Pat Sajak Starts Talk Show With Rivals’ Well Wishes
LOS ANGELES (AP) _ Pat Sajak got well wishes from rivals Johnny Carson and David Letterman on the debut Monday of his CBS late-night talk show, and he joked that he received a phone call from President Reagan.
″He called to wish me well in the Super Bowl,″ Sajak said in his opening monologue of ″The Pat Sajak Show.″
Sajak found himself the opening night recipient of a big kiss from Morganna, the chesty media-wise kissing bandit who frequents major sports events to buss and tell.
He told Morganna, who usually reserves her kisses for sports stars, ″I’m not a jock, but I do wear one.″
Sajak said he didn’t get much sleep because he had a weird dream that Time magazine had named Earth as Planet of the Year.
″I dreamed the Earth was disqualified because it was the home of Morton Downey Jr.,″ he said.
Sajak introduced his bandleader, Tom Scott, and sidekick, Dan Miller, a former colleague he worked with in Nashville.
Sajak’s desk was before an open window with a set backdrop of the Los Angeles skyline.
Sajak asked Miller if he knew what his job was and Miller said ″Yes. It’s to move three feet over on the couch each time a new guest comes out.″
The first guest, Chevy Chase, turned to Miller and said, ″Ed, good to see you,″ a reference to Carson sidekick Ed McMahon.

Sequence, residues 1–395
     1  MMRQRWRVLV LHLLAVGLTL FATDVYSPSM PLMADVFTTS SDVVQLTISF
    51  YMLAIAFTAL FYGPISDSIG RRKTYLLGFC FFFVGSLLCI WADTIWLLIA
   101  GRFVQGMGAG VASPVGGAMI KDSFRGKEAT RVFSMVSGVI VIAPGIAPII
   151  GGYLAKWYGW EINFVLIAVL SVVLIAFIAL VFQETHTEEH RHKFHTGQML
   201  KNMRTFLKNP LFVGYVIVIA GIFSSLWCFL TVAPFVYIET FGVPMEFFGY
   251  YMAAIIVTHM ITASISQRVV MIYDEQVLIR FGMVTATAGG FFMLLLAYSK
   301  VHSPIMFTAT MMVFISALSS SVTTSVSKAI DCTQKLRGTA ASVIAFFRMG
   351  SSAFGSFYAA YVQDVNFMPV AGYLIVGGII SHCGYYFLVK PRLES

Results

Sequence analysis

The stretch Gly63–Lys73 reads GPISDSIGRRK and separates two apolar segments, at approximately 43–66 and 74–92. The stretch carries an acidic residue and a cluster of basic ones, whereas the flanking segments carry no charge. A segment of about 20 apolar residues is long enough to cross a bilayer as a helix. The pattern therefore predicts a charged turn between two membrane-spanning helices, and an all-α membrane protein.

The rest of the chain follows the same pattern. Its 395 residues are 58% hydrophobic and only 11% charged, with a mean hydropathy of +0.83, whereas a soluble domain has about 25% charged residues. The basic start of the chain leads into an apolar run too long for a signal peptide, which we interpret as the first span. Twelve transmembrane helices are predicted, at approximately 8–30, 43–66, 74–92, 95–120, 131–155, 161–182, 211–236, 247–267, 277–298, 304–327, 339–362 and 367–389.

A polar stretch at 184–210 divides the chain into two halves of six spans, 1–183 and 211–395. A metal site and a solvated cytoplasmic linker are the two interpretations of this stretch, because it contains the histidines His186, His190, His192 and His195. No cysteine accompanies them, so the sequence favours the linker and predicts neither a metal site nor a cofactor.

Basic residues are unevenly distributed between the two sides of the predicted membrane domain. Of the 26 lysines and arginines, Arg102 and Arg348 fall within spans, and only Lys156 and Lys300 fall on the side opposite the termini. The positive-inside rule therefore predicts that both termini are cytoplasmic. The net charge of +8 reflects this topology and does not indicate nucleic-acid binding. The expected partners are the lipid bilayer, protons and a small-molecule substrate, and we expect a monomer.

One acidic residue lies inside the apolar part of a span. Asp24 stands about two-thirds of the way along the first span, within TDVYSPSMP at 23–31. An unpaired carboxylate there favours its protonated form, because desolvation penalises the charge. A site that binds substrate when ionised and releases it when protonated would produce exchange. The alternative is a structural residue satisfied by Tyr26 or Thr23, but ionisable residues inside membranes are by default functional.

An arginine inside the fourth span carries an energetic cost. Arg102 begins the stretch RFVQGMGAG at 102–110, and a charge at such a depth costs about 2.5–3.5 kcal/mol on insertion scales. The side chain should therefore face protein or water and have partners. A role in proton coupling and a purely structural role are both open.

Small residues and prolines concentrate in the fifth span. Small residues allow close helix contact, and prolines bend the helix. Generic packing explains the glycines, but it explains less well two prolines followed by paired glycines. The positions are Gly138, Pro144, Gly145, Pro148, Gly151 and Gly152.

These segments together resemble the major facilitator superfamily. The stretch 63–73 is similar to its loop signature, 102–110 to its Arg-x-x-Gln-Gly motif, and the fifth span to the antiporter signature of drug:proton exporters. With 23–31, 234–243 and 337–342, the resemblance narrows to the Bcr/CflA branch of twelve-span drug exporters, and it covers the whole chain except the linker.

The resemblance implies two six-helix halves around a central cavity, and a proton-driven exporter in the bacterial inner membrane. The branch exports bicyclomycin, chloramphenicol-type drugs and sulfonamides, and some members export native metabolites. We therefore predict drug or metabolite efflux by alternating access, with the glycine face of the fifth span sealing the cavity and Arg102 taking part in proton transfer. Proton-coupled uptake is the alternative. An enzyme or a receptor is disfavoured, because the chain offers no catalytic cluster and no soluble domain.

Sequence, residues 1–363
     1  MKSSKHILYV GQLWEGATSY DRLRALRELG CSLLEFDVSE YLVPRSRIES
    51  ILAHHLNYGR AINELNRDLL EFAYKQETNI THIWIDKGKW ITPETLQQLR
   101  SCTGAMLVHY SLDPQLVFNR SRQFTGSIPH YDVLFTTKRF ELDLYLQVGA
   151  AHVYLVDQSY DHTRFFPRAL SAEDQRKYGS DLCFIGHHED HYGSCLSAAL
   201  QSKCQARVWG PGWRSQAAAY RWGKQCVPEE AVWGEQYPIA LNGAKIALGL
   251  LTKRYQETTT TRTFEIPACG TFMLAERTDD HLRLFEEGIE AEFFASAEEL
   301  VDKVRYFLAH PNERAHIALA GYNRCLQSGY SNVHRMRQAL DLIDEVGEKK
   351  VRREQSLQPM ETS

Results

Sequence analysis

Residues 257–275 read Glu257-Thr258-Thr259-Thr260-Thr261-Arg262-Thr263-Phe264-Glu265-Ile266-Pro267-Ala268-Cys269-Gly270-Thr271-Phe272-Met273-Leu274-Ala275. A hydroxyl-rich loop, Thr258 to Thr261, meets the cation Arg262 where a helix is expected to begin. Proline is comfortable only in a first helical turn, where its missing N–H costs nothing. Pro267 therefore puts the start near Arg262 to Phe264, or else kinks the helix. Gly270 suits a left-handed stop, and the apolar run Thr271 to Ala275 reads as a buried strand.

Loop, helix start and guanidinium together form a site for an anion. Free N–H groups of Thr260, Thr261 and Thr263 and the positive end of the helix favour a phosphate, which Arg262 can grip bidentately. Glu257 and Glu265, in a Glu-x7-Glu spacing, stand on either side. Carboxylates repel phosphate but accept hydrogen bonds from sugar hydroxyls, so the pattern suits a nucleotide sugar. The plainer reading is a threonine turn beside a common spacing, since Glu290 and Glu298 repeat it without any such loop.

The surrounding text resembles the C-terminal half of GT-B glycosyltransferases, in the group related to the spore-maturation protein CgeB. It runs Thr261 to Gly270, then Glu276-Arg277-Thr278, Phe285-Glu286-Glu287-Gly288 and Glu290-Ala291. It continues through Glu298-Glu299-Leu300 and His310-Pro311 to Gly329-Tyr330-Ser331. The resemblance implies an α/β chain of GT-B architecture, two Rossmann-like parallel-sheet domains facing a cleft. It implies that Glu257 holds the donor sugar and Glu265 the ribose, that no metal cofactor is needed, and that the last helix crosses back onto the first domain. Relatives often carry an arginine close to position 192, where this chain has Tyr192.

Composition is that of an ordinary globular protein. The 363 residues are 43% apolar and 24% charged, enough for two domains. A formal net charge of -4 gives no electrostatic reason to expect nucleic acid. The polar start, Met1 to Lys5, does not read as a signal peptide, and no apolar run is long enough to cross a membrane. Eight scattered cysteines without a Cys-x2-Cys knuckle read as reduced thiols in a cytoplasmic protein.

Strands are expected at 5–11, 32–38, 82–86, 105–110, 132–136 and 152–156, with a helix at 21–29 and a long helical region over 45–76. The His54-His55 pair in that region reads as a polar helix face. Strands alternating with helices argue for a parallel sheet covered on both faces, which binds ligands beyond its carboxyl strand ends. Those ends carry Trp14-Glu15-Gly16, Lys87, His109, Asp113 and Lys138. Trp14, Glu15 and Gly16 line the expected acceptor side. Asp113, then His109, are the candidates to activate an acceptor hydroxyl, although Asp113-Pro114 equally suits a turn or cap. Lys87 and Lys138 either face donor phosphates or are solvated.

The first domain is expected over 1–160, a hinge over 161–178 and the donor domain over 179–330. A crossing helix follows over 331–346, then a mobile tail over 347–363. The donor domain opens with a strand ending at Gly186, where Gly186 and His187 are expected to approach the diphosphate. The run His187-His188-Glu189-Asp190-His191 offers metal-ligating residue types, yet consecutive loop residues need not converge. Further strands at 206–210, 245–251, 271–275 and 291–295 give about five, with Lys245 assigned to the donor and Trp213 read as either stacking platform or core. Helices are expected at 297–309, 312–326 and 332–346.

Other scheduled guests were Joan Van Ark, Michael Gross and the Judds.
Earlier, Letterman called Sajak, an occasional guest on his New York-based show, to offer congratulations and wish him good luck, Bob Burton, a spokesman for Sajak, said.
Burton said Sajak had also heard from Carson, but he did not know if the host of NBC’s ″The Tonight Show,″ had called personally. Regular substitute host Jay Leno was filling in for Carson, who has bested more than a score of competitors since becoming host of ″Tonight″ in 1962.
″Thicke of the Night,″ a syndicated series starring Alan Thicke in 1983, was ballyhooed as a show that would take Carson down a notch or two. It lasted less than a year.
″The Late Show Starring Joan Rivers″ was a personal rivalry that inspired bitterness on both sides. Carson said he was offended that Rivers, who had been permanent substitute host of ″The Tonight Show,″ had not told him in advance she was leaving to become host of the Fox Broadcasting Show in 1986. She left the show after about six months because of poor ratings and the show expired several months later.
Sajak’s nightly 90-minute show will compete in most cities against the one- hour ″Tonight Show″ and the first half of ″Late Night with David Letterman″ on NBC. It’s CBS’ first talk show since Merv Griffin left the airwaves in 1972 as another victim of the rivalry against Carson.
Sajak, a former TV weatherman best known as host of ″Wheel of Fortune,″ said he does not see his new show taking on Carson directly.
″We have great respect for Johnny, but we don’t plan our show around him,″ he said in an earlier interview. ″I think CBS has realistic expectations. They don’t think we have to knock somebody off to be a success. Actually, Johnny’s been very gracious to me. He once asked me to be a guest host.″
Another late-night talk show that made its debut last week is the syndicated ″The Arsenio Hall Show.″ Hall became a permanent host of Fox’s ″Late Show″ in 1987 after Rivers was replaced by a series of rotating hosts. He quit the show to co-star with Eddie Murphy in the movie ″Coming To America.″